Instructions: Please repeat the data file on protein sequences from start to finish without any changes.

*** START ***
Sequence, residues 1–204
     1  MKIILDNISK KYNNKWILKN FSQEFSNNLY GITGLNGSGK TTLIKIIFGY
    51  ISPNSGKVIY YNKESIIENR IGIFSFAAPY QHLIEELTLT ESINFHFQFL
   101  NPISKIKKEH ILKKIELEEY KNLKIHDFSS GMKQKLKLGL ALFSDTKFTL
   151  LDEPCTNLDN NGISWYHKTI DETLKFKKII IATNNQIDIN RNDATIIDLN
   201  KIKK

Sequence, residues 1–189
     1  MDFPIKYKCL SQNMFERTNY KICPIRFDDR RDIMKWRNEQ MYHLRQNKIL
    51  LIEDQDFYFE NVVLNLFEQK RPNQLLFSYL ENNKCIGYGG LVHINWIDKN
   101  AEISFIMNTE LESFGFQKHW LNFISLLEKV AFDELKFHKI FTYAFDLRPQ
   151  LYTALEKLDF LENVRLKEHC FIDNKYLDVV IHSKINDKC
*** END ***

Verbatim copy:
Sequence, residues 1–204
     1  MKIILDNISK KYNNKWILKN FSQEFSNNLY GITGLNGSGK TTLIKIIFGY
    51  ISPNSGKVIY YNKESIIENR IGIFSFAAPY QHLIEELTLT ESINFHFQFL
   101  NPISKIKKEH ILKKIELEEY KNLKIHDFSS GMKQKLKLGL ALFSDTKFTL
   151  LDEPCTNLDN NGISWYHKTI DETLKFKKII IATNNQIDIN RNDATIIDLN
   201  KIKK

Sequence, residues 1–189
     1  MDFPIKYKCL SQNMFERTNY KICPIRFDDR RDIMKWRNEQ MYHLRQNKIL
    51  LIEDQDFYFE NVVLNLFEQK RPNQLLFSYL ENNKCIGYGG LVHINWIDKN
   101  AEISFIMNTE LESFGFQKHW LNFISLLEKV AFDELKFHKI FTYAFDLRPQ
   151  LYTALEKLDF LENVRLKEHC FIDNKYLDVV IHSKINDKC